Fleshing out your bit players

Standard

Every character s the hero of his own story. While you don’t want to delve into the backstory of ever random bartender and postman who strays through your tale, you do want those characters who have multiple lines or appear in more than one scene to be textured individuals.

It’s worth spending a few minutes thinking about these characters so that when they appeaer you can draw them vividly and deeply with a few quick, but authoritative, authorial strokes.

This quick spread is based on a 3-card Past-Present-Future spread.

For the top card select a court card to use as a significator. You can either select one deliberately to mirror the attributes you have already chosen for this minor character or you can extract the 16 court cards from the deck and pick one randomly from them to suggest a personality type for this bit player. Any good tarot book can give you the personality type associated with each of the court cards. In general I would advise ignoring the age and gender enforced by the court cards and just paying attention to the character traits assigned to them.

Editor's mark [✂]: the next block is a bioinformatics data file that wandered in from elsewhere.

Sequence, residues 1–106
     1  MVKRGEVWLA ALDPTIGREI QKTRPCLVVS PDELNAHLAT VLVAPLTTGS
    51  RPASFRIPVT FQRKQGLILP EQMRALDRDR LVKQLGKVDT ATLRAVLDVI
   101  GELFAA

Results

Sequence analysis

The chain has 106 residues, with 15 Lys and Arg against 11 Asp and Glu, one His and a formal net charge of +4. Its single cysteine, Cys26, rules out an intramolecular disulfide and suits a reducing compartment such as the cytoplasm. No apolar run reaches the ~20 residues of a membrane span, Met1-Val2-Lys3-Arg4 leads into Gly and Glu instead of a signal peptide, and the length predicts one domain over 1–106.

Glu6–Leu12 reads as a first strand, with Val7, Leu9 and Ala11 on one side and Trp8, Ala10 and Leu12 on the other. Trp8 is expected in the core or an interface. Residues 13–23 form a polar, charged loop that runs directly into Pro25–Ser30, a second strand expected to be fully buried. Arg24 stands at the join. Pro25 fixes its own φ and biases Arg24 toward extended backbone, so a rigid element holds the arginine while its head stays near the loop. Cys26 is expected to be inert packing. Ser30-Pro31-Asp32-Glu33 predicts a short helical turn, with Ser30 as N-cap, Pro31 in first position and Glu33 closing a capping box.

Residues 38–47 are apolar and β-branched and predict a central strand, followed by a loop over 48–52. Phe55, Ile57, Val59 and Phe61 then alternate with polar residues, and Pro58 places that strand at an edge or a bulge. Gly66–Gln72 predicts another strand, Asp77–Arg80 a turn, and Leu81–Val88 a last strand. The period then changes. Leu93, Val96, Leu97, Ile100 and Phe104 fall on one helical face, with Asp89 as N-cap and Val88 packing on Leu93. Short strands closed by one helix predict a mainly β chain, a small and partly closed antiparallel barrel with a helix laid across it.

Lay three more cards in a line below the significator card. From left to right these are the Past, Present, and Future cards for your character.

Past: This card suggests the character’s backstory and the forces and events that are driving them.

Present: This card suggests where the character is at the moment, what is there most current concern and motivator.

Future: This card suggests the character’s future, what their aspirations are or where they are heading.

Just having a one liner for each of these aspects of a minor character can help make them 3-dimensional when you form their dialogue and actions in the moments that they appear in your story.

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  1. Pingback: Using Tarot for Writing Inspiration [Resource Links] | Hunter is Writing

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